The concert, featuring rapper Travis Scott, became chaotic after the crowd rushed to the stage.

The chaos left 8 people dead and hundreds injured, Channel News Asia reported.

An investigation was launched by homicide and narcotics detectives following reports that someone in the audience had injected drugs into another onlooker, Finner said.

A security guard said he felt an injection in his neck while trying to hold or grab someone's hand.

After feeling the injection, he fell unconscious, then regained consciousness when injected with a dose of the opioid antidote naloxone.

Finner said medical staff also noticed what appeared to be needle marks on the officer's neck.

It was not clear whether the injections had anything to do with the crowds rushing towards the stage.

However, the police will soon resolve the case, said Finner.

The police are currently waiting for the results of the autopsy to determine the cause of death of the eight victims.

Finner added that some of the victims appeared to have died from being trampled by other spectators.

Furthermore, City Fire Chief Samuel Pena said three hundred people were being treated at the on-site medical clinic for various injuries and illnesses, including multiple drug overdoses.

Twenty-five people were taken to hospital by ambulance after the chaos began.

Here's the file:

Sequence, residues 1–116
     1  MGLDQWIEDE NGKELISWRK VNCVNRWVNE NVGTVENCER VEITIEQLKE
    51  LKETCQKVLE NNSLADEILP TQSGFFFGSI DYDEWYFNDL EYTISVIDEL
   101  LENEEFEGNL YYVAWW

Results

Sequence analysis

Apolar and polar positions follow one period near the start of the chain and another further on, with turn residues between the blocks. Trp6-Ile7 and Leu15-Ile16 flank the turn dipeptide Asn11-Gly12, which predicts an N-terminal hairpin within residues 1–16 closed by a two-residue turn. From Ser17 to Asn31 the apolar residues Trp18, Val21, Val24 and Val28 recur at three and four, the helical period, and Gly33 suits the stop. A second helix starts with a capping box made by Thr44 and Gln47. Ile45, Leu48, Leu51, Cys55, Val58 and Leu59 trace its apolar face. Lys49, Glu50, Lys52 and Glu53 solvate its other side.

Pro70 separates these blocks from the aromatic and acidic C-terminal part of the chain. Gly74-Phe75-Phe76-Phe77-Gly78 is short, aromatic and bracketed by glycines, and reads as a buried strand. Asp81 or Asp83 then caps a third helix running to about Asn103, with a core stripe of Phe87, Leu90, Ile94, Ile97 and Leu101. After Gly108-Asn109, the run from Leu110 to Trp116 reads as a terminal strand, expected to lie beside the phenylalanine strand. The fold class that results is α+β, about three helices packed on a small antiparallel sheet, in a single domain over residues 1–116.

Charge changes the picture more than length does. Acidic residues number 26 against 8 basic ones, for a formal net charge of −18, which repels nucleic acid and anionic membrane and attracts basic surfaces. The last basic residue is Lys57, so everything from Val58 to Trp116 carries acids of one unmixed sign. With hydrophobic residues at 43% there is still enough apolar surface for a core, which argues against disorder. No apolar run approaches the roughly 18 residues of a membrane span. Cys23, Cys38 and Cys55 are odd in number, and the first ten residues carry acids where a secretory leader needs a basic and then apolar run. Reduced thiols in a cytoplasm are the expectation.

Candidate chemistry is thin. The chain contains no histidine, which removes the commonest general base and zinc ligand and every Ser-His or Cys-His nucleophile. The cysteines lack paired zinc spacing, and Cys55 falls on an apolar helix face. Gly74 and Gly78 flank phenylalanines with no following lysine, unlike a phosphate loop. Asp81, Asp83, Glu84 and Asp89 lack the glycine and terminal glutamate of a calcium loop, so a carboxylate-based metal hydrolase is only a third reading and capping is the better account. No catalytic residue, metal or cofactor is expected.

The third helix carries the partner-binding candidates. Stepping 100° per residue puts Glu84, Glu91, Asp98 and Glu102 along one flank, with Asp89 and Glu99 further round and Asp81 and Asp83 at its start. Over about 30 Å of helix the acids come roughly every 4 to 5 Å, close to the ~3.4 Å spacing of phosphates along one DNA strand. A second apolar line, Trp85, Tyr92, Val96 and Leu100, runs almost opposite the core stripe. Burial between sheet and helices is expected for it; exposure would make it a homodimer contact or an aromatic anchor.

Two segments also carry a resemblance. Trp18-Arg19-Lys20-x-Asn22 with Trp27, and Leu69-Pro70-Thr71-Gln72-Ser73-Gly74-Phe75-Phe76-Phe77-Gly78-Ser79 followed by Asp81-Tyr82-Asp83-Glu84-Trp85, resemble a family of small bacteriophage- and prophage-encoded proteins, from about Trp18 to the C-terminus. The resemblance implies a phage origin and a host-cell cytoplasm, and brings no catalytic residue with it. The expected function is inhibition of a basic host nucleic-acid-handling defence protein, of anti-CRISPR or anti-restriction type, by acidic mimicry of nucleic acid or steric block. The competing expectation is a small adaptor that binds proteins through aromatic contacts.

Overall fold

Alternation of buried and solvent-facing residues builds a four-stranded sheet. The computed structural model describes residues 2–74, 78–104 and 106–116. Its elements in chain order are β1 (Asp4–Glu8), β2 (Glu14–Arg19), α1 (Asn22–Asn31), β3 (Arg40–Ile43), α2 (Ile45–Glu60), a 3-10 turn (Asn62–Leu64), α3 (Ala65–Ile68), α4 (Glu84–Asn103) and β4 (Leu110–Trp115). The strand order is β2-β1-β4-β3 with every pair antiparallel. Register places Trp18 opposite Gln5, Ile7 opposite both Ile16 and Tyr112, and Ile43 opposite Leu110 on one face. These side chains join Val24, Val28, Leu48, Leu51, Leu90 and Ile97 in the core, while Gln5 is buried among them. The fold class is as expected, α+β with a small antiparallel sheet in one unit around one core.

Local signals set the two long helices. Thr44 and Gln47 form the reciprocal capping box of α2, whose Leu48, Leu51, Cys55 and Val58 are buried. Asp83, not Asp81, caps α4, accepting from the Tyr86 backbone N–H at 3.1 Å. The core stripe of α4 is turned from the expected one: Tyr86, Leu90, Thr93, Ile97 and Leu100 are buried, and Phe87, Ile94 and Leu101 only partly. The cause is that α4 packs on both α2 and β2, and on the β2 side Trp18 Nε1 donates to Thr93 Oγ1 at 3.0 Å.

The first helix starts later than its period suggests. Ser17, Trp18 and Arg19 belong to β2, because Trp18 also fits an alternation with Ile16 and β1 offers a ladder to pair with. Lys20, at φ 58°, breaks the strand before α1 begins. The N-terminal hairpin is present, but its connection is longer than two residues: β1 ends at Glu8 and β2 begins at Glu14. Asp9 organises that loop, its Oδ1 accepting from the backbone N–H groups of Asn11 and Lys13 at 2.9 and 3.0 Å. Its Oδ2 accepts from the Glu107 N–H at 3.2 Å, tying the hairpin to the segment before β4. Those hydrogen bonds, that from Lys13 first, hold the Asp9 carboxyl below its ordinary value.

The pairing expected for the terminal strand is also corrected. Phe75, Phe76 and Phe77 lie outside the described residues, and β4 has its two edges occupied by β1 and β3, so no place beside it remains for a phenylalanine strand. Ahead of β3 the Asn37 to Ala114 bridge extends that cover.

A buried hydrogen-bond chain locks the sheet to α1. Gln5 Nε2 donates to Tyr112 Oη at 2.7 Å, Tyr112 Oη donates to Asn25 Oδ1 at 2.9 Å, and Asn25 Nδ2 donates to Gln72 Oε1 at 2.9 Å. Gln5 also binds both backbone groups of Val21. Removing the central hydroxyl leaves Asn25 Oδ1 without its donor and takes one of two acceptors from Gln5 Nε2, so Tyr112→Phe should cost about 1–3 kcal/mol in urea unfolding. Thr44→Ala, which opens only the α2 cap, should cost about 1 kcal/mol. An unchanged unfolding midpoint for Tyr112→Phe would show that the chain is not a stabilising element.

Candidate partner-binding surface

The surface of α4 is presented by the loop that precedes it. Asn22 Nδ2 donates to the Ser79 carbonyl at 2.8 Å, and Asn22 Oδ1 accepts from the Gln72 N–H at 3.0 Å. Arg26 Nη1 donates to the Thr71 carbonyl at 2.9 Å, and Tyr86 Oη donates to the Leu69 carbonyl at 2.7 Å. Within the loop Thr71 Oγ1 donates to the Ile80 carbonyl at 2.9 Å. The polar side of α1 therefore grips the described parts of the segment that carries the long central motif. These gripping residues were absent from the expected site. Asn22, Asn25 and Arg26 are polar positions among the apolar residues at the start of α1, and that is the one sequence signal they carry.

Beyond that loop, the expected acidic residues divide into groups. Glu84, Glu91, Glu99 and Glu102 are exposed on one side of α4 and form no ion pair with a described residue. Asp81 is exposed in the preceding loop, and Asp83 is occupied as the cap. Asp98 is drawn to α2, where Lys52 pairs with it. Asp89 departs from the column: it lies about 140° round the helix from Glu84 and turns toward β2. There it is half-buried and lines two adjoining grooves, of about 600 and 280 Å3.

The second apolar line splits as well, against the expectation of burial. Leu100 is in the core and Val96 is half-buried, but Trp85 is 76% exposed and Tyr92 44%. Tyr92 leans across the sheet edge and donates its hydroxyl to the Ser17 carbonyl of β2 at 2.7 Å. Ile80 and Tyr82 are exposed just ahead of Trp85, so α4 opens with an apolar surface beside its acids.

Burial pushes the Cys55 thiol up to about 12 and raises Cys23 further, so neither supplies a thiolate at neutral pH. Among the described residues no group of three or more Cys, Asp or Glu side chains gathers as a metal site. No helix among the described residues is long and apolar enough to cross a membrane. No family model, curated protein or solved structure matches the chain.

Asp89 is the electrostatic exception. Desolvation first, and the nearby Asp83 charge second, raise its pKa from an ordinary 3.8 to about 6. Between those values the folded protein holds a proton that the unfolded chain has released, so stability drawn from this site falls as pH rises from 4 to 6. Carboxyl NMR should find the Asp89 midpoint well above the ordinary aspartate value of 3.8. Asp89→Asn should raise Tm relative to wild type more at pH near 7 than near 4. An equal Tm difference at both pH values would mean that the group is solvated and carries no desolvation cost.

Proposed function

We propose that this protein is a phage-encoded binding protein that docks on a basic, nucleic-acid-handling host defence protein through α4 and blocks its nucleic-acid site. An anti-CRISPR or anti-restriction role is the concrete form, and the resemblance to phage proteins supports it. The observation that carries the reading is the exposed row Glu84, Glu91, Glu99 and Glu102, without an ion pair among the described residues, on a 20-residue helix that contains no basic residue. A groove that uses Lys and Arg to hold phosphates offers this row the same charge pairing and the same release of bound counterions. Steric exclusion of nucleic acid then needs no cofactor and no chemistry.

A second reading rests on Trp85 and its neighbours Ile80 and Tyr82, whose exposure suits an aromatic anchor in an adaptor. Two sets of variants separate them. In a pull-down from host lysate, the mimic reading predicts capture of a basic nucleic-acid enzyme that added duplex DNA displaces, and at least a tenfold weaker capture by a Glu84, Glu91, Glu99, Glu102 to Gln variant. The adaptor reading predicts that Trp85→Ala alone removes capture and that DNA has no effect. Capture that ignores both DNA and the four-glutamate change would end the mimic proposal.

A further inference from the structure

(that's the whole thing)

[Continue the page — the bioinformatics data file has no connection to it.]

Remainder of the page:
Some of them had heart attacks, with 13 people still hospitalized as of Saturday, and four people having been discharged from hospital.

Five of the 13 victims were under 18, Mayor Sylvester Turner said.

The eight people who died were mostly between the ages of 14 and 27, although the age of one of the victims was not immediately known, Turner said.


The chaos at the festival broke out at NRG Park at around 9:30 p.m. on Friday during a headline show by Scott, a Grammy-nominated singer and producer.

As the fans in the roughly 50,000 crowd rushed towards the stage, people began to faint.

Some appeared to have suffered heart attacks or other medical problems, officials told reporters outside the venue.

"It happened all at once. It seemed like it just happened, in just a few minutes," said assistant chief executive of Houston police Larry Satterwhite, who was at the front of the event when the situation began.

Satterwhite said he immediately met with the promoter and they agreed to stop the show.

Officials said the concert ended at 10:10 p.m.

Meanwhile, videos uploaded to social media show chaos as fans and staff try to attract the attention of injured concertgoers.

One video shows fans trying to make camera operators aware of the dangerous situation.